[Bug c/53603] New: abs() doesn't warn if argument is double, not even with -Wall -Wextra

gcc at richardneill dot org gcc-bugzilla@gcc.gnu.org
Thu Jun 7 13:13:00 GMT 2012


http://gcc.gnu.org/bugzilla/show_bug.cgi?id=53603

             Bug #: 53603
           Summary: abs() doesn't warn if argument is double, not even
                    with -Wall -Wextra
    Classification: Unclassified
           Product: gcc
           Version: 4.6.3
            Status: UNCONFIRMED
          Severity: normal
          Priority: P3
         Component: c
        AssignedTo: unassigned@gcc.gnu.org
        ReportedBy: gcc@richardneill.org


I think that using abs() with an argument which isn't an int, should to trigger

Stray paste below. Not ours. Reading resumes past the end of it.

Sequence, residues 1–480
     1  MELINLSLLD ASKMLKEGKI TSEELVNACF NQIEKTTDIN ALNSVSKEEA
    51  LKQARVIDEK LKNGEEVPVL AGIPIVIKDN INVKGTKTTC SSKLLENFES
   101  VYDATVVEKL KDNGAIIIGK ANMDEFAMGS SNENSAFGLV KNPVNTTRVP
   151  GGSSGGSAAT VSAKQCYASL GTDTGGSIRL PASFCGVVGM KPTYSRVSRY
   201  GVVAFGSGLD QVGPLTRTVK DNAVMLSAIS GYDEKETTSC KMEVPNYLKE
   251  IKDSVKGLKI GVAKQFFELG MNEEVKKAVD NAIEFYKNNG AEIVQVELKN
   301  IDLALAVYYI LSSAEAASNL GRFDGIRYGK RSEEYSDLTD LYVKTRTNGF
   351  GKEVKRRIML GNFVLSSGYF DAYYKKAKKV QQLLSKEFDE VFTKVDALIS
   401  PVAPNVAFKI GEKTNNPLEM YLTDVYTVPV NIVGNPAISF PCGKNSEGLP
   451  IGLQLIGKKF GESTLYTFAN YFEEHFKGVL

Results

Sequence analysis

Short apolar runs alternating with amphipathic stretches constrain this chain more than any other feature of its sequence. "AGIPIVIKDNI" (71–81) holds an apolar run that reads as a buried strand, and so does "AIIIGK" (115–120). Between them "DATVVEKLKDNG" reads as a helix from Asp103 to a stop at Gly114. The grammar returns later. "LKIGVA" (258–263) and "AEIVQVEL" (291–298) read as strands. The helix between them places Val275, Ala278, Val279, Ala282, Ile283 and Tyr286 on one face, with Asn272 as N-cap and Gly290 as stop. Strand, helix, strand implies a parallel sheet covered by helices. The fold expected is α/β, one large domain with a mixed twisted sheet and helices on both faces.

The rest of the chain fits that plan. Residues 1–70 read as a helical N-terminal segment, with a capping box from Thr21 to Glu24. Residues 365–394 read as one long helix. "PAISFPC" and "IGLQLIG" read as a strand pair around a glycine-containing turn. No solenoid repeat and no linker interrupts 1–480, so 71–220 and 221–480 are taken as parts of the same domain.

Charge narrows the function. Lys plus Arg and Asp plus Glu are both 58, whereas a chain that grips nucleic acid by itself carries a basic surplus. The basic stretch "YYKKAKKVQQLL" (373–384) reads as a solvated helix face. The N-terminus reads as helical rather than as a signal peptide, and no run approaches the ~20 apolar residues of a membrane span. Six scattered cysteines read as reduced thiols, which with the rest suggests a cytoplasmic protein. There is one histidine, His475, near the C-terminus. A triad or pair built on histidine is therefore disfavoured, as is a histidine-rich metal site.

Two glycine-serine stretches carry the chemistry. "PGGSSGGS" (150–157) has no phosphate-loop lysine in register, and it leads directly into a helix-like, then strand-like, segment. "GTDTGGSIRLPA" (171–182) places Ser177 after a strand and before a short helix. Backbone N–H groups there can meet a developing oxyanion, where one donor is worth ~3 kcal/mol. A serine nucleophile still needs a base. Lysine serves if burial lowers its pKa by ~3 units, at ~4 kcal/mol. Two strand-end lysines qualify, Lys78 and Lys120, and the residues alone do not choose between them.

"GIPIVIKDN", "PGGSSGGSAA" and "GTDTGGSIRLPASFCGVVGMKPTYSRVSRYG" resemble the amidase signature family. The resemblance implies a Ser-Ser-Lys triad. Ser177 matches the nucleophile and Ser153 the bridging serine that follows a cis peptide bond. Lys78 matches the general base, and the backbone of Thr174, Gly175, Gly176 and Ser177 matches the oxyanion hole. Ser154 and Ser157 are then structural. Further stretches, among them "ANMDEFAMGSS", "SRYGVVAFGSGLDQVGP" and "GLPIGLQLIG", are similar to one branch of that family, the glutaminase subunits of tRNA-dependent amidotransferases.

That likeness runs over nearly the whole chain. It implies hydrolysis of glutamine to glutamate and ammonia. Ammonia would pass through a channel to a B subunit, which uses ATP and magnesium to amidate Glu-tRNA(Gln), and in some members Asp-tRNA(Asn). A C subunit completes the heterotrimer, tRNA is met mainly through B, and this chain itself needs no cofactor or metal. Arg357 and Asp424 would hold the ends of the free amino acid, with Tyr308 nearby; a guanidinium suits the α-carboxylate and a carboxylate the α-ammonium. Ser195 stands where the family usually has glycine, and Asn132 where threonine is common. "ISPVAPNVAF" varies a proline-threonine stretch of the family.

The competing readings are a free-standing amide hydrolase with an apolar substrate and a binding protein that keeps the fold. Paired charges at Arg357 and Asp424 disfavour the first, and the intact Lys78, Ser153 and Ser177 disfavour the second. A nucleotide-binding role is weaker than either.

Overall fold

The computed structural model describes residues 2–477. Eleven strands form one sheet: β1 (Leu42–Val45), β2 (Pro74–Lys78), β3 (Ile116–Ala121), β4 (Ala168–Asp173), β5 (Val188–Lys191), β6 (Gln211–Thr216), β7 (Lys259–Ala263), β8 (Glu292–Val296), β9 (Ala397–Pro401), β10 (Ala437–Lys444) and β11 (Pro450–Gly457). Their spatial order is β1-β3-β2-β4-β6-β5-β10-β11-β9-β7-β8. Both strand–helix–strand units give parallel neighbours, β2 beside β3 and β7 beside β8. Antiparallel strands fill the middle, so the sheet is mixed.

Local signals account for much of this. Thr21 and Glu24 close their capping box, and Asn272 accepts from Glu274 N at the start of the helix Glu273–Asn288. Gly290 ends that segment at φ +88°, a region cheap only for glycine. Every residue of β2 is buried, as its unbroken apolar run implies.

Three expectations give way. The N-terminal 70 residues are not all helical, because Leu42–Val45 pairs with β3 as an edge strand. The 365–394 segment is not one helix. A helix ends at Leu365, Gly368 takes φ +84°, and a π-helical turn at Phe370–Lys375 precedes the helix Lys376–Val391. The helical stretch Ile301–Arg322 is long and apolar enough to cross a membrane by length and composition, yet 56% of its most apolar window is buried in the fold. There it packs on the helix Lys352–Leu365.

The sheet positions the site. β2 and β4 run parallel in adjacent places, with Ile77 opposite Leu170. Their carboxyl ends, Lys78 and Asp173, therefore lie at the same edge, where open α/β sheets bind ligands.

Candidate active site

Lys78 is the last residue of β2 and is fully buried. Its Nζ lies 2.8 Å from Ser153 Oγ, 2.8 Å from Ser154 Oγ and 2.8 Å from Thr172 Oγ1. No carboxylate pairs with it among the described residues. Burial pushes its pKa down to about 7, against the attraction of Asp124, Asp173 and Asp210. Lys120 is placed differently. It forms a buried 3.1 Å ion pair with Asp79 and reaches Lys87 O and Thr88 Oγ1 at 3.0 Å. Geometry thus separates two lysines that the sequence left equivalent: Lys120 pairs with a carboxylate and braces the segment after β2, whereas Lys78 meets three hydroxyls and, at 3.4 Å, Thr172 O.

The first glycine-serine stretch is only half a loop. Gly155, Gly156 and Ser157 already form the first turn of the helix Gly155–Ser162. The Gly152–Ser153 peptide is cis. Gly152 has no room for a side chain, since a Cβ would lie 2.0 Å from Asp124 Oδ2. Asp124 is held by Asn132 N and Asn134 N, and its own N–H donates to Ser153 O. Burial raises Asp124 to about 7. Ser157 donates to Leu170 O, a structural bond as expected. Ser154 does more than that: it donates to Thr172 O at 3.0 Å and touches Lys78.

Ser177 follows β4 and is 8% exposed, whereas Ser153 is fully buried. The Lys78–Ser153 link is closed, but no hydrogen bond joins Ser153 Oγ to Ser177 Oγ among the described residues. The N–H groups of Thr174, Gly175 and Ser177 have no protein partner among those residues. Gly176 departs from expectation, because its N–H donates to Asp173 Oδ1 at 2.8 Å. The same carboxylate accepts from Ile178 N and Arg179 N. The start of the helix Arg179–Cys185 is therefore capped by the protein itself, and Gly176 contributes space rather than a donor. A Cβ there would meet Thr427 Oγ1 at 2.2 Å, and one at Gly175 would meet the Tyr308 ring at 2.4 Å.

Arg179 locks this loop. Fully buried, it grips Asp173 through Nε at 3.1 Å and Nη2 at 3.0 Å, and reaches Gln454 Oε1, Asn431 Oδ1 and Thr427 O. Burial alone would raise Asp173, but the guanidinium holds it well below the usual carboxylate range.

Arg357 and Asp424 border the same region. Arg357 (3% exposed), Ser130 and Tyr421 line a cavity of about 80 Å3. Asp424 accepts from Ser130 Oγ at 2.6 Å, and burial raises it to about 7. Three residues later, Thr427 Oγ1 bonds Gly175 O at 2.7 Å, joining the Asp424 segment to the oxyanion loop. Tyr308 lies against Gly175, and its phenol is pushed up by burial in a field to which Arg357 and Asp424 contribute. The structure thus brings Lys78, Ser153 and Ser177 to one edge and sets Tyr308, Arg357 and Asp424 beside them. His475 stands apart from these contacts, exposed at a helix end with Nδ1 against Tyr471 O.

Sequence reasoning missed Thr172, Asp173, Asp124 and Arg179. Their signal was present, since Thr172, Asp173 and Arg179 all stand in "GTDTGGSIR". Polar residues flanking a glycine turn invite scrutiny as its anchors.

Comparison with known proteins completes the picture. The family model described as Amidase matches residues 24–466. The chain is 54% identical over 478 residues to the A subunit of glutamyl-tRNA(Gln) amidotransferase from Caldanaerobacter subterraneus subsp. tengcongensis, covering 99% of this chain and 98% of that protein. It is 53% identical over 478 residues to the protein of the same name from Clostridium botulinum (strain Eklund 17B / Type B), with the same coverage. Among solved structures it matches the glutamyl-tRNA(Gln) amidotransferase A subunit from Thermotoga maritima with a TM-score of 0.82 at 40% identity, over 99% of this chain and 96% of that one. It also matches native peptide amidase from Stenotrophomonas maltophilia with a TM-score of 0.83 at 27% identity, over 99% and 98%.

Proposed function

a warning... but it doesn't. Not even with -Wextra.

//Compile with Wall -Wextra
//I think that gcc could spot that abs() casts x to int, 
//and it could warn me that I did something stupid. 

#include <stdio.h>
#include <stdlib.h>
int main(){
        double x=44.33;
        double y;
        y = abs (x);
        printf ("y is %f\n", y);
        //get 44.000000 , expect 44.330000
        return (0);
}


Please do consider trapping this: I spent 3 hours finding a bug caused by this
one: yes, it was my fault for writing sqrt(abs(a_double)) rather than
sqrt(fabs(a_double)), but the compiler could have warned me. This type of error
is quite insidious, because it can cause subtle errors in mathematical programs
that only occur sometimes!

Imho, gcc should warn, unless I'd written:
     y = abs( (int)x )



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